RIOJA CLASSIFICATIONS AND STYLES EXPLAINED

The official Rioja classification is a guarantee of the amount of ageing a wine has undergone. Usually the best wines receive the longest maturation but this does not guarantee quality, which is why it is just as important to follow producer.

Crianza: Minimum two years (with at least 12 months in barrel)
Reserva: Minimum three years (at least 12 months in barrel)
Gran Reserva: Minimum five years (at least 24 months in barrel)

What can be confusing is that producers use different ageing techniques (for example some might use American oak, others French, others a mix of both) which will influence the style, structure and flavour of the wine. To help you find the style you like we have split the wines into the following designations.

Traditional: Fragrant, silky wines from long ageing in cask (usually American oak) and bottle; ready to drink on release.

Modern-classical: Younger, rounder wines that retain the delicious character of Rioja through cask ageing (often a mix of American and French oak) with the structure to develop in bottle.

Modern: Richer, velvety wines aged for less time in newer (usually) French oak; released earlier and may need keeping.

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Bodegas Vallobera

This is a family winery whose main objective is to craft wines that represent the fruit forward flavour that the Alavesa district has become so famous for. In a beautiful setting near the hilltop town of Laguardia in Rioja Alavesa, Javier San Pedro, descendant of local growers, decided in 1990 to create Bodegas Vallobera with his wife Ana Ortega, making him the first of the San Pedro family to bottle their wines.

A recently refurbished winery combined with lots of ambition means this is a bodega we think members will be hearing about more in the future. They own 80ha of vineyards, planted to Rioja's traditional mix of grapes: the Vallobera vineyard is the highest in altitude.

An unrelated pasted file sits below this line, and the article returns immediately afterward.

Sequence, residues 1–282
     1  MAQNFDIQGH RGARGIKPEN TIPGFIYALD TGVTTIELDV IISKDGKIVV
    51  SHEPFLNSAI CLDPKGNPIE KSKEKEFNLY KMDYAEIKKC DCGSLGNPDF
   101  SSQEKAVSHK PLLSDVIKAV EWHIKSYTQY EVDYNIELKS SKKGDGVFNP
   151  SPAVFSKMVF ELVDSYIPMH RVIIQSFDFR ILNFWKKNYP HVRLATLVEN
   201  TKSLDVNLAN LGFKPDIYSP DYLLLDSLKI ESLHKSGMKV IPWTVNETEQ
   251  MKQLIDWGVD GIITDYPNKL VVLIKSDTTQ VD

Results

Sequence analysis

Spain Vintage 2018

A good if not great vintage in Rioja, with early rains and frosts followed by drought conditions in the growing season. Fortunately, some late summer rains offered respite from the aridity and an earlier than recently normal harvest took place in very fine weather. The result is wines of balance and digestible levels of alcohol.

Ribera del Duero enjoyed a very good vintage in 2018, with wines showing harmony between freshness and fruit as alcohol levels were moderated by the cooler growing season. Yields were cruelly reduced by severe frosts and the drought, but Ribera rode them with some success.

Priorat in Catalonia had a good vintage despite the conditions, with its proximity to the moisture of the Mediterranean Sea and its many old-vines with deep roots being able to withstand the heat and dryness well.

Galicia had a good vintage too, thanks to its Atlantic Ocean influences and despite some fires in Rías Baixas that hit vineyard areas.
2018 vintage reviews

JancisRobinson.com

Sweet fruit and rather modern. I’m not 100% sure I would identify it as a Rioja blind, maybe the tempranillo character will shine through eventually but it certainly isn’t old-school sweet oak...
Sweet fruit and rather modern. I’m not 100% sure I would identify it as a Rioja blind, maybe the tempranillo character will shine through eventually but it certainly isn’t old-school sweet oak and mellowness. I’d keep it a while ideally because the ingredients are there for a longer life than the price suggests.
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15.5++/20